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Asean to assume China's role as low-cost manufacturing

Jun 18. 2015
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By The Nation

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ASEAN is poised to become Asia's next low-cost manufacturing powerhouse as wages in China's Pearl River Delta (PRD) factory belt continue to creep up. As China sees waning wage competitiveness, Asean stands to gain, with its lower costs and abundant suppl

Asean’s high rate of GDP growth and rising household affluence means companies relocating from the PRD could capture a share of a large and growing consumer market.

The latest survey conducted by Standard Chartered shows that manufacturers in the PRD – spanning nine cities in China’s Guangdong Province and accounting for 27 per cent of Chinese exports – continue to face persistent labour shortages and rising wages.

"At the macro level, this is good news for China. Rising wages reflect the country’s improving productivity and the increasing complexity of the products it makes. It confirms China’s transition to high-end manufacturing and a more sustainable growth model. At the company level, however, labour shortages mean persistent cost pressure for PRD manufacturers," said Kelvin Lau, a senior economist at Standard Chartered.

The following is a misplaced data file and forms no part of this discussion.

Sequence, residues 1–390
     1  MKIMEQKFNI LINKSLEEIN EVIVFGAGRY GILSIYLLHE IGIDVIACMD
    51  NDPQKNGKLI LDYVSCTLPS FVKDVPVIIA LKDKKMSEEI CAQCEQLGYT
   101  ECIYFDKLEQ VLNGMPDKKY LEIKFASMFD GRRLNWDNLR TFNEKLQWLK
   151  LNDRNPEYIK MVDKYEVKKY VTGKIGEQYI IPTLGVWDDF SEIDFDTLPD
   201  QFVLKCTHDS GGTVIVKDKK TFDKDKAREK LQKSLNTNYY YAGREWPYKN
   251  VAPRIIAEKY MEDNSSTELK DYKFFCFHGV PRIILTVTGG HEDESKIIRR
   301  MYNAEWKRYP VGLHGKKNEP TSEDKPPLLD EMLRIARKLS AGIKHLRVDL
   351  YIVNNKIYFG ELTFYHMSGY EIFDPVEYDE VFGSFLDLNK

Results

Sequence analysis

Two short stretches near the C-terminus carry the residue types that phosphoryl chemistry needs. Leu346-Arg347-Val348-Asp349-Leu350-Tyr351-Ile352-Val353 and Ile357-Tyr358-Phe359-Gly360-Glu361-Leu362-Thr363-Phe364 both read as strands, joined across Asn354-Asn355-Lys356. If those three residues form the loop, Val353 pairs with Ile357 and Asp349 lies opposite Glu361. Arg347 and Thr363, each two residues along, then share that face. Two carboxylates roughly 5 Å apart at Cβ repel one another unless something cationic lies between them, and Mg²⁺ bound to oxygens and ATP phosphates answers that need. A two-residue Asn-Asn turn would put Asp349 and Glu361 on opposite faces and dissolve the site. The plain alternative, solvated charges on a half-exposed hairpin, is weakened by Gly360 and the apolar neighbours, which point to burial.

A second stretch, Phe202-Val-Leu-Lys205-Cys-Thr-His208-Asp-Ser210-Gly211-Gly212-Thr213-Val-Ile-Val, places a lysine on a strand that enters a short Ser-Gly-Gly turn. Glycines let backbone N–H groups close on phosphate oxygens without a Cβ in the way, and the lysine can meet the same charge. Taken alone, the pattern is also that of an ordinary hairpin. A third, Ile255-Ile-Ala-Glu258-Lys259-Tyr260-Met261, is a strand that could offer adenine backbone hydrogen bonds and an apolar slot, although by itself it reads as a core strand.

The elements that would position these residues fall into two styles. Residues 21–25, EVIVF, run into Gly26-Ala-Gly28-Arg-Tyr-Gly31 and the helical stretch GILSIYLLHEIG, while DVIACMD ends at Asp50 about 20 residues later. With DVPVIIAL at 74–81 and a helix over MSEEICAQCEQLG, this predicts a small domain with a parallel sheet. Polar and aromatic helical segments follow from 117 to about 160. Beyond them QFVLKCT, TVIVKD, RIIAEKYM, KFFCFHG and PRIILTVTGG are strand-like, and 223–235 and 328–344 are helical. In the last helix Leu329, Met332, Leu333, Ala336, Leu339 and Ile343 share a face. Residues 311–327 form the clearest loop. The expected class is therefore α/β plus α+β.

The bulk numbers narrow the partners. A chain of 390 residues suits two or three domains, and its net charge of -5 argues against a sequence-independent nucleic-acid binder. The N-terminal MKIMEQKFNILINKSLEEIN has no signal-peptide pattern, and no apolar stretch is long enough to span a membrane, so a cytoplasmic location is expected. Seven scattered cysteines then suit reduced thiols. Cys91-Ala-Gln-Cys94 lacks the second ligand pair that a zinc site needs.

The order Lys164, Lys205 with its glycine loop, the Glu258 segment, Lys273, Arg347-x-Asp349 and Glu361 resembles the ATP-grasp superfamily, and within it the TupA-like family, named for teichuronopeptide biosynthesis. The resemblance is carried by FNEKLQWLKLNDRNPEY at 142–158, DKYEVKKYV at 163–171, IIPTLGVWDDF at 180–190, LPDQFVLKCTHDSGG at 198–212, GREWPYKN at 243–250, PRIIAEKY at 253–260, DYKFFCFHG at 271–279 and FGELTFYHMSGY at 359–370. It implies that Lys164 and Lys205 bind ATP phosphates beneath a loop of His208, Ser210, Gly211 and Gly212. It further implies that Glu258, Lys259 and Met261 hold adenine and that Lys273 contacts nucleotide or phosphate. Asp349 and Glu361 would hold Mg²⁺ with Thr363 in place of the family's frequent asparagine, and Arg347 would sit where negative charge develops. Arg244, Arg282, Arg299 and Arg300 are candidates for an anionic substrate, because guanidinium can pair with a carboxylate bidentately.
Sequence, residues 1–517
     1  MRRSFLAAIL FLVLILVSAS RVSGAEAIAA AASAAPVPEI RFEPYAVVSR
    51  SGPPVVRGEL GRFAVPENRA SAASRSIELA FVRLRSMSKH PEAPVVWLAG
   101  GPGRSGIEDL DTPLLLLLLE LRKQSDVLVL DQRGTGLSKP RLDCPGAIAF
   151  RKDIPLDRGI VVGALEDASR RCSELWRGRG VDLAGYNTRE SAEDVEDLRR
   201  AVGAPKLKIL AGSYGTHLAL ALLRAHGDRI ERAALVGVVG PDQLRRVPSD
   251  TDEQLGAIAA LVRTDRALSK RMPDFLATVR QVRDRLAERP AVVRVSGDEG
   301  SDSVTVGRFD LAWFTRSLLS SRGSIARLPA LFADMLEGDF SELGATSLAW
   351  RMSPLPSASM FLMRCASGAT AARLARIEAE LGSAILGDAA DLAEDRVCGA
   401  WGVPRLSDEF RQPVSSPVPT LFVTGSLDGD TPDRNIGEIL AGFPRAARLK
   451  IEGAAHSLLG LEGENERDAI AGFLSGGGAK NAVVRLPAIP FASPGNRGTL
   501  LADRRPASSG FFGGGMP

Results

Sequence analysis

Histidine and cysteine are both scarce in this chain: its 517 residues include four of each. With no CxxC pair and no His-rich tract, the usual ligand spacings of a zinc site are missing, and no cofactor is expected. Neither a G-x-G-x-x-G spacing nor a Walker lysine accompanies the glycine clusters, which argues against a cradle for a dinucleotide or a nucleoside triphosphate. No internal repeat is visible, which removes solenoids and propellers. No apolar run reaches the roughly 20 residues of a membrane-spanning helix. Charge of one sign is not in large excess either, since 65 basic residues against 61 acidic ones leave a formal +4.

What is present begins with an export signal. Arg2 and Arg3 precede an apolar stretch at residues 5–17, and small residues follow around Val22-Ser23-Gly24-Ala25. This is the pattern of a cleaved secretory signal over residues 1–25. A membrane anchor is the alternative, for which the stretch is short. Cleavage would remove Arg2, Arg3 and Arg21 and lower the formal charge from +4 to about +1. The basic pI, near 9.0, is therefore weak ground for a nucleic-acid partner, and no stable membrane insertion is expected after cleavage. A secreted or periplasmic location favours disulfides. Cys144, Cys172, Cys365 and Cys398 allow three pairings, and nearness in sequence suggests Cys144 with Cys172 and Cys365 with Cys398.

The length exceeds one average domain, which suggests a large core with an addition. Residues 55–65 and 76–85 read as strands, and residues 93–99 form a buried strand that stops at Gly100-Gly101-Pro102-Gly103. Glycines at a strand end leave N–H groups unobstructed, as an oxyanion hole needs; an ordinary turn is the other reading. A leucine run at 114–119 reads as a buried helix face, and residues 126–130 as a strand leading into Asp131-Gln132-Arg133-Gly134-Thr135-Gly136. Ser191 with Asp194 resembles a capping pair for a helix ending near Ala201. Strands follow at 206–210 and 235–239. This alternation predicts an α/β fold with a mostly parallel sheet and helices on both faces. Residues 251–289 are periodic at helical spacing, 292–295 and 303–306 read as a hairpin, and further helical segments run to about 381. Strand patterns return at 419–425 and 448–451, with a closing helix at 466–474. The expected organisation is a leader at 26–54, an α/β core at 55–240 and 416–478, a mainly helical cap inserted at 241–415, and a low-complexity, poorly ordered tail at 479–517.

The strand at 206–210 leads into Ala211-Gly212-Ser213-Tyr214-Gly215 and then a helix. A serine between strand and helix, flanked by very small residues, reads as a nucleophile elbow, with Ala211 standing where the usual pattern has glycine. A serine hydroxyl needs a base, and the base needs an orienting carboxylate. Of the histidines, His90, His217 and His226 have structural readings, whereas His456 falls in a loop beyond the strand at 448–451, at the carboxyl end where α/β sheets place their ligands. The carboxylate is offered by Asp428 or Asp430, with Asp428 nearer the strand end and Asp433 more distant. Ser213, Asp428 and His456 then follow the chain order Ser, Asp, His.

More than 290 Hong Kong and Taiwan-based manufacturers operating in the PRD participated in the survey and 85 per cent said labour shortages are at least as bad as last year. Migrant worker wages are expected to rise 8.4 per cent on average this year, against 8.1 per cent in 2014, pointing to an overall real wage growth of 6.8 per cent.

"More than 30 per cent of the companies we spoke to are planning to respond by relocating their factories – some further inland in China, and some overseas, with Vietnam and Cambodia being the preferred locations.

"As China’s manufacturing sector transforms, Asean’s is likely to grow. While wages may still be competitive in some parts of China, particularly the West, the shrinking labour force means that wages are likely to catch up quickly with those in Eastern China," added Lau.

Vietnam, with its geographical proximity to China, is poised to be one of the biggest beneficiaries, as low-costs manufacturing shifts away from the PRD. The companies in our survey estimate that moving here could give them an average cost reduction of 19 per cent. Cambodia, on the other hand, could yield a 20 per cent saving on wages.

As a whole, Asean has strong and varied manufacturing capabilities – from low-cost factories in Cambodia, Laos, Myanmar, Vietnam and Indonesia, to mixed manufacturing and electronics in Thailand, Malaysia and the Philippines, and high value-added production in Singapore.

"Asean may well take note of China’s experience, which demonstrates the importance of external trade in improving economic structure and propelling growth. The potential prize is huge. As foreign direct investment continues to shift from China to Asean, the region may close its gap with China and become one of the world’s largest exporters," Lau said.

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